If you ask any PhD student what his thesis is about, one of two things is likely to happen:
1. You get a long, drawn out paragraph of mumbo jumbo things that no one in the outside world will ever understand…
2. “It’s about electrons.”
That is to say, you get the watered-down, one word version and a subtle invitation to please stop asking questions because you wouldn’t understand it anyway. But what if there was a way to communicate complex ideas, the stuff of PhD’s, without watering it down or shutting the rest of us out?
Apparently there is…
What was once a little known video contest for PhD students to explain their research through dance has blown up into a full-scale online dance film fest. Scientist/writer John Bohannon developed the Dance Your PhD contest as a way to make science accessible and understandable to everyone.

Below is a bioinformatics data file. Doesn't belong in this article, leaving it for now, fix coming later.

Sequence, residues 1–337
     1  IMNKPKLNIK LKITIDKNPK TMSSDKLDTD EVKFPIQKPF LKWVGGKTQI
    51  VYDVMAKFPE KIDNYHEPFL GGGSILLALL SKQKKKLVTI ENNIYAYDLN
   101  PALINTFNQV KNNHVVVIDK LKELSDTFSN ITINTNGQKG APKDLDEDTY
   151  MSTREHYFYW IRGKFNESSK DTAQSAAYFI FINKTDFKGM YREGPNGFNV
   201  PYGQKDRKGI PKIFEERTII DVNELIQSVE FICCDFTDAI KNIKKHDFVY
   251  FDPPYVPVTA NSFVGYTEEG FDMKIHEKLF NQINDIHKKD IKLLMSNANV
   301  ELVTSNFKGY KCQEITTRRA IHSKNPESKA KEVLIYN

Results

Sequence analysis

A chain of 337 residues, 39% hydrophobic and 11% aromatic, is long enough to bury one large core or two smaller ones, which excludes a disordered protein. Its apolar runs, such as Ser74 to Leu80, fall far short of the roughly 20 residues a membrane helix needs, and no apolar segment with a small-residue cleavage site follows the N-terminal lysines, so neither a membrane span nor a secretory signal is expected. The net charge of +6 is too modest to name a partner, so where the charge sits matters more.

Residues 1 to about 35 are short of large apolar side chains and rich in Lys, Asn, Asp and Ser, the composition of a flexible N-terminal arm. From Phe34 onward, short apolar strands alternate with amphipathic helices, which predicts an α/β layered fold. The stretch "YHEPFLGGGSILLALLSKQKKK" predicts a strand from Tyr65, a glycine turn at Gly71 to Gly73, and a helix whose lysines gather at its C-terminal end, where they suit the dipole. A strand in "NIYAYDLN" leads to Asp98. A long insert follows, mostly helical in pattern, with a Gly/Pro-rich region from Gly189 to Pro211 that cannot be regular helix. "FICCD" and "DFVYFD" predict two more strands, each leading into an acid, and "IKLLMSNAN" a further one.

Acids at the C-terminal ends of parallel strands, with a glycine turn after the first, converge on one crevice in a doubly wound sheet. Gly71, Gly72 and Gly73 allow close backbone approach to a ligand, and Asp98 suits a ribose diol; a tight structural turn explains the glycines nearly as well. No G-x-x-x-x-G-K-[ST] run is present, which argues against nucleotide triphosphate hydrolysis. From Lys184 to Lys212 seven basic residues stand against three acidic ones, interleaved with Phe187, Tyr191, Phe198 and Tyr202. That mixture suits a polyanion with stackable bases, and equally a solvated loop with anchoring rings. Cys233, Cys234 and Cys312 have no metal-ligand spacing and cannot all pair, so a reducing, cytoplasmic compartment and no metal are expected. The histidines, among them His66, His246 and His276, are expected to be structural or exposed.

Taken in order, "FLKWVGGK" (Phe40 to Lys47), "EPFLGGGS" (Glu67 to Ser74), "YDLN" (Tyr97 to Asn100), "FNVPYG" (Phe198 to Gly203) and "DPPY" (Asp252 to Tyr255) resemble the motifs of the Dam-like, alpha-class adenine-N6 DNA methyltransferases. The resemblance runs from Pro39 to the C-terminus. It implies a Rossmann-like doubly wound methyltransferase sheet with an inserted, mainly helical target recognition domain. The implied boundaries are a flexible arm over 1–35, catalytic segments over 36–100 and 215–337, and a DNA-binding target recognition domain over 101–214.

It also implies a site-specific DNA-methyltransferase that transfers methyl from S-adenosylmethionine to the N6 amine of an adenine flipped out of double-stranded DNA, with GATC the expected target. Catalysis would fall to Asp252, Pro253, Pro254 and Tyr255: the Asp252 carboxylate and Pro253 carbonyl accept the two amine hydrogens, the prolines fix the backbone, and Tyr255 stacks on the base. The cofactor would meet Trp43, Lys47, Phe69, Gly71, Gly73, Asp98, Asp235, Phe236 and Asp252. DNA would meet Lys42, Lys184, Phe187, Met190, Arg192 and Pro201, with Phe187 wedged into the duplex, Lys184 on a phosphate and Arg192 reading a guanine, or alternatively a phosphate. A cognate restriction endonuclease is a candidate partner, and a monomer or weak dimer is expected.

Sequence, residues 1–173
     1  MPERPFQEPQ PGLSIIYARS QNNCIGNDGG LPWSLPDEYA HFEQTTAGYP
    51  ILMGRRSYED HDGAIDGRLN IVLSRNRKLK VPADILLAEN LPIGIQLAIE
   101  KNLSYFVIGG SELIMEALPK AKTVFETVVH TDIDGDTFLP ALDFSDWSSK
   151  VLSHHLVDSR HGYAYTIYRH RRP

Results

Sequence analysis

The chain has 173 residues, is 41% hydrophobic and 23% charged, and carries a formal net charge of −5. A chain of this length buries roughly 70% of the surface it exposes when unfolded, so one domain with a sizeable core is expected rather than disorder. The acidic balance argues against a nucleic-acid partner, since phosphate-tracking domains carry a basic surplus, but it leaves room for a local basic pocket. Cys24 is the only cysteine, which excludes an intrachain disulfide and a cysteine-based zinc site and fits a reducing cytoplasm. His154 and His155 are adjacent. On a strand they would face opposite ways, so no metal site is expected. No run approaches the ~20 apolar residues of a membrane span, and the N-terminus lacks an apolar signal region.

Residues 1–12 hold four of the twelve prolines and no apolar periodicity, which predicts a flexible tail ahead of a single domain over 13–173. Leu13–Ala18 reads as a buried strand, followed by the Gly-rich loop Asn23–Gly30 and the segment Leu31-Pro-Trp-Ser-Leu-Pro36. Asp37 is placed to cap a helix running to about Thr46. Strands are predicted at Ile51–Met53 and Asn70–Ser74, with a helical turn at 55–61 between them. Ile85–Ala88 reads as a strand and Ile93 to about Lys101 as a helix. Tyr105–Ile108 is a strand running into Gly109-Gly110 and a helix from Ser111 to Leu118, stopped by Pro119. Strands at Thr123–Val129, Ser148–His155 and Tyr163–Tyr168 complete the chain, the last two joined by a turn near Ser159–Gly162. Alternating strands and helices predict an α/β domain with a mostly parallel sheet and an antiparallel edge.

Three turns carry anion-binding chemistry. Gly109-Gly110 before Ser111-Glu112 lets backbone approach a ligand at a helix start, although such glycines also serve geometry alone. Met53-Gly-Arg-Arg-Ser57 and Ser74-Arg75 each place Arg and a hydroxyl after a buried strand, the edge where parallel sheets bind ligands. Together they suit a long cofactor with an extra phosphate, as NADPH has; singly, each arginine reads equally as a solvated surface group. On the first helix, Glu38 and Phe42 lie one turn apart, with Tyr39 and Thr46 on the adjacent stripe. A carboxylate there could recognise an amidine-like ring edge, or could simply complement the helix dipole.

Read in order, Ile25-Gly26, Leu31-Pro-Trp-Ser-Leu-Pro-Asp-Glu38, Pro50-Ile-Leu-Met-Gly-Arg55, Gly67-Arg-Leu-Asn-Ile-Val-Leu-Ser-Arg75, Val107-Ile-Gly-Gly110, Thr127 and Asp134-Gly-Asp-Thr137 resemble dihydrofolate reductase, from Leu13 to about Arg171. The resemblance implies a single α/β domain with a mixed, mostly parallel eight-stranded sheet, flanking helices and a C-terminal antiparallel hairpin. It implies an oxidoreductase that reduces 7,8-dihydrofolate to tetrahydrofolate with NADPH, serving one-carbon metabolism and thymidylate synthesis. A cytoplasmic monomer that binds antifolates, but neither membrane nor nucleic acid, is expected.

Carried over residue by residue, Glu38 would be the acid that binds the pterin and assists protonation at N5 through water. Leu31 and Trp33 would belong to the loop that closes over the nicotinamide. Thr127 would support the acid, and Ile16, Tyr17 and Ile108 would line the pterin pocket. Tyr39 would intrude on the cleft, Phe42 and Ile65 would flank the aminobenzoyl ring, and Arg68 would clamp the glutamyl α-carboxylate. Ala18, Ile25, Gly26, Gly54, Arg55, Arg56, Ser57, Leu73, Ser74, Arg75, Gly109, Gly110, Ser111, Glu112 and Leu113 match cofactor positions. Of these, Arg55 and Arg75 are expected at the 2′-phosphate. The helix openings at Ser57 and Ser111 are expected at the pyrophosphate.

Plus, he sees this model as a way to attack some of the problems we face in the dance community. Bohannon gave this TED talk a few years ago, where he claims that dancers are a valuable and fragile resource. Using dancers as a learning tool and a means of communicating lofty, inaccessible ideas could be one way to protect the fields of both dance AND science.
Lauren Warnecke is a freelance writer and editor, focused on dance and cultural criticism in Chicago and across the Midwest. Lauren is the dance critic for the Chicago Tribune, editor of See Chicago Dance, and founder/editor of Art Intercepts, with bylines in Chicago Magazine, Milwaukee Magazine, St. Louis Magazine and Dance Media publications, among others. Holding degrees in dance and kinesiology, Lauren is an instructor of dance and exercise science at Loyola University Chicago. Read Lauren’s posts.